Give me a break. You guys paid by the medical community to disagree or what? Go to the website Berney listed, look it up, see it is legit, as is he. Then e-mail or call them and ask about the Jessups? They are real, whether you like it or not. Berney is real, as I have corresponded with him via e-mail through the contact link at the clinic. BTW - he also told me that the charges have been dropped and Laurie is now suing the state and working to get legislation similar to Abraham's law passed in CA. Mr. Woodward, if he is real, couldn't confirm it because he didn't try. . .reluctantly called it hoax my foot! I tried, and yes, confirmed it.

I'm sure you'll try to say I'm not real either. Just pinched myself - I am. amazing. . . .

By Been There, Do… (not verified) on 09 Nov 2007 #permalink

Been There, Done That evoked the infamous "pharma shill" with "You guys paid by the medical community to disagree or what"

Yeah, right, like we haven't heard that before. Can you tell us where to apply for payment?

Then continues with " Laurie is now suing the state and working to get legislation similar to Abraham's law passed in CA"

This sounds like something that would involve public petitioning of the California legislature, perhaps even a news article or two. Where are they?

So if the charges have been dropped, I guess that means no more gag order. Right? This should all be settled, actually. Where the hell are all the news articles?

Confused about a few things.

1. Who is Stephen Barrett, and why are we expected to care? There seem to be a lot of posts about him here.

2. Why are we expected to believe any more than we believe "The Angry Scientist" or "Health Freedom USA"? It seems odd to me how repeatedly in this case people asking for corroboration of claims from an unverifiable source are referred simply to another unverifiable source-- and, of course, no two of these sources seem to really agree.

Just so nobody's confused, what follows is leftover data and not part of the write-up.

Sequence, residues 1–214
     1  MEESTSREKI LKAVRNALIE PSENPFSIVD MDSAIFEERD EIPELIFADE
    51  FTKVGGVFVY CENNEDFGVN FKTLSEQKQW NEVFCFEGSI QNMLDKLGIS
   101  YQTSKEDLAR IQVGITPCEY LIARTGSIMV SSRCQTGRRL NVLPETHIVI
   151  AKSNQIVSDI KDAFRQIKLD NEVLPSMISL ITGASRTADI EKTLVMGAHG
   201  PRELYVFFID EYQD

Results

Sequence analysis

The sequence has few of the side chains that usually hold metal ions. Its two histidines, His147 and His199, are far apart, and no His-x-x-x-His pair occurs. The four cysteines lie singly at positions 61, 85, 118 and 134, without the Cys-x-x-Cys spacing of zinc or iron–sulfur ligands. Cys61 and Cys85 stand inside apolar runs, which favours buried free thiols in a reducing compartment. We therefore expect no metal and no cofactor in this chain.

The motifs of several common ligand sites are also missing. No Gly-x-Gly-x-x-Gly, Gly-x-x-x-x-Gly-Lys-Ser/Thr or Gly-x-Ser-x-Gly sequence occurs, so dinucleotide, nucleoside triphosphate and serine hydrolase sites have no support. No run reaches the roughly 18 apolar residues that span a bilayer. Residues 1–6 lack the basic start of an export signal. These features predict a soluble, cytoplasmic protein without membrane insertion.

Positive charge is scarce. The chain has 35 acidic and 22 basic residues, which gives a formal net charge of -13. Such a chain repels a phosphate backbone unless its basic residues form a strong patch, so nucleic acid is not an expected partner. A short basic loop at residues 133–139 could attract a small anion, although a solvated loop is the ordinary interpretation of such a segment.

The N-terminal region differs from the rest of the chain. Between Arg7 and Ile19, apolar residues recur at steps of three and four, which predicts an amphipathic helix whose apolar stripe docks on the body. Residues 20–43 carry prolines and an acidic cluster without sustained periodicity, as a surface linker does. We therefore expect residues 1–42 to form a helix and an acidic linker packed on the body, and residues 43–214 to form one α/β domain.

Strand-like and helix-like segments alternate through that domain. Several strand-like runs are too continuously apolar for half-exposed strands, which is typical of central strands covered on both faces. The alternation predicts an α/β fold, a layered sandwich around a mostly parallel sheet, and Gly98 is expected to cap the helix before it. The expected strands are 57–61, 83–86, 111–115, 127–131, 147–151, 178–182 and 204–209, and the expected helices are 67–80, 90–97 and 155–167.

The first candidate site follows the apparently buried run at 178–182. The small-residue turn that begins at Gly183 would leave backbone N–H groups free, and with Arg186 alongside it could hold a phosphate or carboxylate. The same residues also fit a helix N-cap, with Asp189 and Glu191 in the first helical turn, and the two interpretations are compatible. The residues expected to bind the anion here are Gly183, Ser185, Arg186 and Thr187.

3. And even if there is reason to take them as trustworthy, wouldn't they be able only to confirm that Chad and Laurie Jessop exist, and possibly additionally that Chad at one time had melanoma? (Actually, given HIPAA, could they even tell us that much?) While it is indeed very odd that no one has yet been able to definitively even establish their existence, were this confirmed it would not really tell us anything useful.

However, having met the Jessops and having experienced what the AMA and the legal arm of the government is like I feel that the story is true.

Funny how this is always what it comes down to. Facts don't matter, only whether it "feels" right....

Let's give it a rest. I personally have only received one personal response to this which leads me to think that fighting out int the ethers is a more desired way of communicating then face to face. I am easy enough to contact and yes you are right, what does it really prove if you do speak with me and find out that not only am I real but the Jessops as well and the melanoma also. It says nothing but that it did exist. However it can prove that much and then you have a start into the rest of the story if you really want to look. This kind of situation is not new and it has happened many times. Just recently in Texas. Most instances don't make the news because the news is not what you think it is. I have spoken to the media many times about important (to me anyway) issues of health only to be told it would have to be OK'd by someone and it never does. If you truly believe that the news is the authority and that if it doesn't come across the tube or the radio or print that it couldn't have happened then you are seriously missing it. More happens in this world then you obviously are aware of. None the less I can understand your desire to know more as it is mine as well. In the end it may be possible that modern medicine, which if you looked up the history of it would surprise you a bit,and the alternative therapies can and do work well together when allowed. In fact everyday there are more and more discoveries that bring the two together. So rather than attempting to create more confusion and fear lets just find ways to help people get better. What ever that is. What a person holds true in their mind has a lot more potential to help them then something that a person can't latch onto. In your case I do hope that science and medicine will always be there for you and that hopefully you never have to rely on them. I personally prefer the preventative approach, which by the way generally falls into the alternative realm, however, it is what works for me. So if all is as good as it can be then we will both live to ripe old ages and one day look back at this and laugh at how little we knew back then.